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Written by: The Environmental Investigation Agency

New evidence of Japan’s failure to control illegal ivory trading at a time when Africa’s elephants face extinction is revealed in a damning report.

httpv://youtu.be/D-EEOwGr4Kc

The report from the Washington, D.C.-based nonprofit Environmental Investigation Agency (EIA) reveals the identities of four Japanese ivory trading companies that offered to sell elephant tusks to undercover investigators for illegal export to China. The report, titled The Dirty Secrets of Japan’s Illegal Ivory Tradealso documents a 20-year history of broken commitments by Japan to enact effective controls to prevent poached tusks from being sold domestically or for illegal export.

The report follows shocking new elephant census data revealing a 30% decline from 2007 to 2014 in populations in 15 of 18 African nations surveyed. This amounts to an unsustainable 8% annual decline from intensive ivory poaching, which threatens the species’ long term survival.

EIA’s report is released as a critical meeting of 183 nations Party to the UN Convention on International Trade in Endangered Species (CITES) is underway in Johannesburg, South Africa. Major proposals from Kenya and nine other African elephant range states, and one from the United States, aim to close domestic ivory markets of Japan and other Parties to help protect Africa’s elephants.

“Japan’s efforts to promote continued ivory trade while opposing the domestic ivory ban proposals is a slap in the face to the 29 African states seeking to end domestic ivory trade to protect their elephants ” said Allan Thornton, president of EIA. “It’s time for Japan to join the global efforts to protect elephants and to permanently ban its domestic ivory trade.”

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The EIA report, The Dirty Secrets of Japan’s Illegal Ivory Trade, reveals:

– The identities and undercover video of four Japanese ivory companies that admitted to EIA investigators to conducting daily ivory sales to Chinese buyers and boasted of the vast amounts of ivory being illegally exported to China and Hong Kong.

– 30 of 37 Japanese ivory traders contacted by an undercover investigator offered to engage in some form of illegal activity to buy, sell, or fraudulently register a tusk that did not qualify for registration.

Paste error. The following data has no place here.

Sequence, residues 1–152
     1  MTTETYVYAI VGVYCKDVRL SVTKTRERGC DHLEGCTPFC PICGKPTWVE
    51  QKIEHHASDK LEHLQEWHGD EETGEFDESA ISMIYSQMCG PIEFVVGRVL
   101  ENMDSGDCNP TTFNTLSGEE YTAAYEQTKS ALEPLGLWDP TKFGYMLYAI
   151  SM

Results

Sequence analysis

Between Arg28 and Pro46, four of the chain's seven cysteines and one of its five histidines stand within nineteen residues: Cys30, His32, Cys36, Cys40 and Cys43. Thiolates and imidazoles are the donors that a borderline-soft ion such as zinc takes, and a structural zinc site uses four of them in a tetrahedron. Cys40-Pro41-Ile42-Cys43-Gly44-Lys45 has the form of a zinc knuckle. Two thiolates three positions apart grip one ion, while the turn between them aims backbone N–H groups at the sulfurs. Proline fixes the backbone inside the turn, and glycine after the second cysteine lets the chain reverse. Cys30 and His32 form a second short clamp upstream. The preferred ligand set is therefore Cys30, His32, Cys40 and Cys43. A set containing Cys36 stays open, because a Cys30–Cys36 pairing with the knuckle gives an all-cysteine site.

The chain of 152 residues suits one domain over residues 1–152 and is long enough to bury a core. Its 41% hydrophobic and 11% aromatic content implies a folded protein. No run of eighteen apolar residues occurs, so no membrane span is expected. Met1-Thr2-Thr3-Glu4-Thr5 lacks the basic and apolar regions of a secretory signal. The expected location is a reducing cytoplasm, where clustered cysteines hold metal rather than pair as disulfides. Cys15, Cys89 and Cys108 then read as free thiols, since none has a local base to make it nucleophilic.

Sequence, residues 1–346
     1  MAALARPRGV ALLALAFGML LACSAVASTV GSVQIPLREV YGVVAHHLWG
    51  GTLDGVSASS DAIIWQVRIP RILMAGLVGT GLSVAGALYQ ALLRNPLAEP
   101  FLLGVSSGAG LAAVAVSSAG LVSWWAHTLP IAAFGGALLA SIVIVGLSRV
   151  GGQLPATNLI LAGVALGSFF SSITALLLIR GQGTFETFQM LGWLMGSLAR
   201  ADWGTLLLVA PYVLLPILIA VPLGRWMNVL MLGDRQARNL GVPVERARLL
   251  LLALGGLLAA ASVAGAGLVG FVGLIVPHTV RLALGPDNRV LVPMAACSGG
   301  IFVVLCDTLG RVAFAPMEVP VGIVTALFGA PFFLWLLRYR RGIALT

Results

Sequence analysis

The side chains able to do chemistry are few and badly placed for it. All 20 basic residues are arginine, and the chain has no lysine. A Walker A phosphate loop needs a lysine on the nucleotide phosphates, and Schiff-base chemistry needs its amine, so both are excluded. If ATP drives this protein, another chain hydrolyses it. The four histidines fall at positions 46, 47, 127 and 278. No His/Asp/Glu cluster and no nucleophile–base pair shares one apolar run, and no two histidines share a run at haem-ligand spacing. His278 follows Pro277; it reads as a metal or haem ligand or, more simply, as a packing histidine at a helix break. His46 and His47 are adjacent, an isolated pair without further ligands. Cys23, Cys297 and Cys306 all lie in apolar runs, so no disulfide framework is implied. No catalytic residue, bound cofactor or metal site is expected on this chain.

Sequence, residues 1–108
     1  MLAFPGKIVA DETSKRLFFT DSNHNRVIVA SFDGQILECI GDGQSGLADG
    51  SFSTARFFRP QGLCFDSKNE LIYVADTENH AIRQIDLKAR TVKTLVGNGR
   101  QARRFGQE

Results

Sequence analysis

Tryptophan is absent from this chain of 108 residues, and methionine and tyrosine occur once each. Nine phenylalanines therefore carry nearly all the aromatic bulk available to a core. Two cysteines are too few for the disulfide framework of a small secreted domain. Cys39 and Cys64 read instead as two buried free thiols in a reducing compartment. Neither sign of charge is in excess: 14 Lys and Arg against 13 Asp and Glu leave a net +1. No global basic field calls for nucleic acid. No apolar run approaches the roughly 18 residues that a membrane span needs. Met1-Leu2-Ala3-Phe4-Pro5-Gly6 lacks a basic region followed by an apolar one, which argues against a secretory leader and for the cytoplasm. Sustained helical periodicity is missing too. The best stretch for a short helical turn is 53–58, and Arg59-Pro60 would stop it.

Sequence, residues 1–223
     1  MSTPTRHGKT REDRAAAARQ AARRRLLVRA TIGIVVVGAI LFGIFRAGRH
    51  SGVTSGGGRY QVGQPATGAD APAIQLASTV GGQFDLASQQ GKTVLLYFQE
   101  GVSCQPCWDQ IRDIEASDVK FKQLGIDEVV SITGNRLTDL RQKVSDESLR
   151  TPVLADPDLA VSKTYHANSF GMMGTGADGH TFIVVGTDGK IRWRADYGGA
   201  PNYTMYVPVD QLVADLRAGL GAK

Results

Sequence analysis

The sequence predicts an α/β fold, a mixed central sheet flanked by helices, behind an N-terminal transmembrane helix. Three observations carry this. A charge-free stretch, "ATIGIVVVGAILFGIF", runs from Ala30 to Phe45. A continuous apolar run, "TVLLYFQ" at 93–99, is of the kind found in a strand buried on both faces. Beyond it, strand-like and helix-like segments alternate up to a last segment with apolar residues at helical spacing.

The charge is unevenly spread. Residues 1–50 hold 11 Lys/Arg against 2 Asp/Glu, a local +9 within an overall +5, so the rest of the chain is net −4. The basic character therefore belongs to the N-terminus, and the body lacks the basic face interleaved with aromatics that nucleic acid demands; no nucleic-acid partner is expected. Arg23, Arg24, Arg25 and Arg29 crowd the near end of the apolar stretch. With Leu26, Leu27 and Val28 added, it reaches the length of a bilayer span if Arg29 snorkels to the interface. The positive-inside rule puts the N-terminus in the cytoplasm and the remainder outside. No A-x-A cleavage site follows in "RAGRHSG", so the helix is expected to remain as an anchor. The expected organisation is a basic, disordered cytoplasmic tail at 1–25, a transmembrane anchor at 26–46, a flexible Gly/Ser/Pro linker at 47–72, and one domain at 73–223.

– Most of Japan’s ivory tusk imports dating from before the 1989 ban on international trade in elephant ivory were from poached elephants. As a result, the government’s tusk registration scheme is effectively a tool for granting amnesty to large quantities of pre-1989 poached ivory

– An influential report by the wildlife trade monitoring group, TRAFFIC, supporting Japan’s 1997 bid to reopen ivory trade found that Japan could not control ivory trade, but the conclusions were amended and supported Japan’s successful bid to reopen ivory trade.

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The EIA report also reveals that, since 1997, Japan has consistently failed to enact CITES commitments to:

– Verify the legality of origin and acquisition of ivory tusks presented for registration, thereby enabling poached tusks to be legalised onto the domestic market with the widespread use of fraudulent declarations.

– Require registration and marking of cut ivory pieces over 1kg and 20cm in height or larger, making it impossible to track the trade chain of ivory.

– Enact “demonstrably effective” controls over worked ivory.

– Control unregistered ivory traders selling large amounts of ivory online shopping and auction sites like Yahoo! Japan and Rakuten Ichiba.

– Prevent illegal export of ivory to China, Thailand, and other nations.

“EIA investigations and research over the past 18 months demonstrate that Japan’s ivory control system is plagued by loopholes and undercut by weak legislation to such an extent that no meaningful control exists at even the most basic level,” said Danielle Fest Grabiel, EIA Wildlife Senior Policy Analyst.

carved-ivory

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